Biden approves ‘persistent’ US troop presence in Somalia after terrorist gains following Trump-era withdrawal

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Biden approves ‘persistent’ US troop presence in Somalia after terrorist gains following Trump-era withdrawal
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President Joe Biden has approved a Defence Department request to re-establish a “small, persistent” US troop presence in Somalia tasked with countering al-Shabaab terrorists who White House officials say grew stronger after the withdrawal of US forces from the war-torn country.

According to a senior administration official who briefed reporters on the plan, Mr Biden green-lit the redeployment earlier this month after repeated requests from Pentagon officials dating back to when he took office in January 2021.

The official cited the “challenging situation” the Biden administration had inherited thanks to former president Donald Trump’s decision to pull out the more than 700 special forces soldiers who’d been in the country.

Mr Trump had issued the withdrawal order in December 2020, both as a way of bolstering claims to have ended what he and his supporters often describe as “endless wars” and as a way of baking in his preferred policies while hobbling the incoming Biden administration. The withdrawal of US forces from Somalia was completed on 17 January 2021, just three days before Mr Biden took office.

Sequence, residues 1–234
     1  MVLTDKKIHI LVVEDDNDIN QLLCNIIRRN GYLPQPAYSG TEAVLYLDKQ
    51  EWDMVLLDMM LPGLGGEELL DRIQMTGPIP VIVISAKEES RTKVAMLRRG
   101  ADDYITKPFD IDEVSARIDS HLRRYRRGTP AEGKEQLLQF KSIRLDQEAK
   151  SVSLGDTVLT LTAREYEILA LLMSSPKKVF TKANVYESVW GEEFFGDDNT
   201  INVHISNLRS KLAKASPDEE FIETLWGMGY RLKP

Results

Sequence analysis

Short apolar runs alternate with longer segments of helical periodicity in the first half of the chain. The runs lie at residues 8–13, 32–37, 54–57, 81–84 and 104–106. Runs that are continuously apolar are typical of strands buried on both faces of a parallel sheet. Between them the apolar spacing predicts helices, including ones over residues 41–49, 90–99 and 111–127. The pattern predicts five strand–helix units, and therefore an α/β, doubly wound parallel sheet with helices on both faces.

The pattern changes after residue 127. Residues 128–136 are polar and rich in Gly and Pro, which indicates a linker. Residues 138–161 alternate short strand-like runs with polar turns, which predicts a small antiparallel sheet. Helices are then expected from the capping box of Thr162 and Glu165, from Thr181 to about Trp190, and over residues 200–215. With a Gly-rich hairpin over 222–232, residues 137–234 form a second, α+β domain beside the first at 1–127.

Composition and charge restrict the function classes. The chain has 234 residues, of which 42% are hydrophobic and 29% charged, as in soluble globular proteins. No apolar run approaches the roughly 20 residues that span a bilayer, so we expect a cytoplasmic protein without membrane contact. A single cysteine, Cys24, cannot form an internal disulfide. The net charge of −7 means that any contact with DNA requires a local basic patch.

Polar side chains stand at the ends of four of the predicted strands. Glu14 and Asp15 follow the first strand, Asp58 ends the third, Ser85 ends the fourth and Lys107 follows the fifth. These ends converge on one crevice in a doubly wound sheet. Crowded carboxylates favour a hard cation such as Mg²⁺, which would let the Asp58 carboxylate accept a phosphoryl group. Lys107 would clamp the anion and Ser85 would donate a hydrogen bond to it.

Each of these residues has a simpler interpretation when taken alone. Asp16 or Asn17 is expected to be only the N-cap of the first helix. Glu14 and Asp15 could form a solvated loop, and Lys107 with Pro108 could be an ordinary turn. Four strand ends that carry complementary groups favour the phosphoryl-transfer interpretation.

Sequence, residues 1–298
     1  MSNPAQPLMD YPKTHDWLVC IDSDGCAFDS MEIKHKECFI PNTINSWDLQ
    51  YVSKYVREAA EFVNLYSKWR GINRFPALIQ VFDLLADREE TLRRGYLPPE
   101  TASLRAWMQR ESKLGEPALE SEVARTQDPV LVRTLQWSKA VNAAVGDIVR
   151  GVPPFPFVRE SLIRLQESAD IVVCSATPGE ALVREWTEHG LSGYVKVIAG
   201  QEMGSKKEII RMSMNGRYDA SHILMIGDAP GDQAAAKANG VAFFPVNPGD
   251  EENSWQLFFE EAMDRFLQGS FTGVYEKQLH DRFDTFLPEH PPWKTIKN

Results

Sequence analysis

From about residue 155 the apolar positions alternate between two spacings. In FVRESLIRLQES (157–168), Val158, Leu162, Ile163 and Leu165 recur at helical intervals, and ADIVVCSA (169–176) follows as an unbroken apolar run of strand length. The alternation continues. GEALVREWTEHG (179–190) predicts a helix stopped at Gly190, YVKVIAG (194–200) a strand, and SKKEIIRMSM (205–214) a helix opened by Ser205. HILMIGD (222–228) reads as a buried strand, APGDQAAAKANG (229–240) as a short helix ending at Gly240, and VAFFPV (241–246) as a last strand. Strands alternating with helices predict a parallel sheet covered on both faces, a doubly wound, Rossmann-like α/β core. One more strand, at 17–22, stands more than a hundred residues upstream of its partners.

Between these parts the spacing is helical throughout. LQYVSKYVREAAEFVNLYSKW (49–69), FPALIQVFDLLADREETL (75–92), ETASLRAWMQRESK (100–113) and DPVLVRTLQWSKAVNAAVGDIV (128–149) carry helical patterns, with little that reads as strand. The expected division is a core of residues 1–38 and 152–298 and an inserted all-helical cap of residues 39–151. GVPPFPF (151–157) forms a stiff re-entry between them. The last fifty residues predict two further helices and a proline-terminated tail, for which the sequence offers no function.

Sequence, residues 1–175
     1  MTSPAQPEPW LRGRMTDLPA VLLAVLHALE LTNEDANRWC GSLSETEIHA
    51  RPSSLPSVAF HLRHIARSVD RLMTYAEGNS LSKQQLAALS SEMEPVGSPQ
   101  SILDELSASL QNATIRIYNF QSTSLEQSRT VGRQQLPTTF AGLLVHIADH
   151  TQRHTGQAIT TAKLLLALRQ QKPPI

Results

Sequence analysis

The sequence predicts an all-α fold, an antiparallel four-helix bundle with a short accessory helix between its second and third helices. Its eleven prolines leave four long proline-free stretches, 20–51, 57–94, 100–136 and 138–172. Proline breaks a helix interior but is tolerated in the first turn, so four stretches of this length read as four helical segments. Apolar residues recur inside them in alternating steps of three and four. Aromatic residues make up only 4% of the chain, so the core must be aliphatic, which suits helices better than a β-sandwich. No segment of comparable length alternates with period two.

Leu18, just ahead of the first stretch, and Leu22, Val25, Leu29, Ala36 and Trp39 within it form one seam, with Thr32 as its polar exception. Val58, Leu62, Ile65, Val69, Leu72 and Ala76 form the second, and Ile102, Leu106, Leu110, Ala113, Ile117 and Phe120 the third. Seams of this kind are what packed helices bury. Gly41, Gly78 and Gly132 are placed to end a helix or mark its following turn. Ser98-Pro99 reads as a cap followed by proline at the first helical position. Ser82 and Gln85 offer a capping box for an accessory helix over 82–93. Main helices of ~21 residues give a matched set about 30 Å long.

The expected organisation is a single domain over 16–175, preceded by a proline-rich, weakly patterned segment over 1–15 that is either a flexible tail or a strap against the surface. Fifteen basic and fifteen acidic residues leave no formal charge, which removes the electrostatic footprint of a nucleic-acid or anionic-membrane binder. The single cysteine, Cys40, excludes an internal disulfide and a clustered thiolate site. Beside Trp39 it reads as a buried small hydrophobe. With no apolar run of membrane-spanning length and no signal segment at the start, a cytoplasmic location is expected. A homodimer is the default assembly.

Since then, US forces in the region have operated there on a “rotational basis,” a policy the official said had made it more difficult for the Pentagon to protect deployed forces and added additional burdens to those troops, who would have to spend “weeks or months” transporting, packing, and unpacking equipment as they rotated in and out.

“This is a step that rationalises what was essentially an irrational arrangement that we inherited,” the official said. “It was irrational because it created unnecessary and elevated risk to US forces as they moved in and out of the country on a rotational basis, and it gave us less payoff for incurring that risk because it disrupted their efficacy and the consistency of their work with partners.”

The official said the pace of al-Shebab attacks in the absence of US forces had become “quite appalling,” and stressed that troops Mr Biden is ordering back into Somalia — who will number fewer than 500 — will be tasked largely with assisting the Somali government’s counter-terrorism efforts.

“That means helping with training, that means helping turning intelligence into operations, that means assisting with how to defend oneself when undertaking … the more difficult operations, sometimes called the offensive or the clearing operations, but ultimately the operations to try to dislodge Shebab from what is a significant amount of territory,” he said.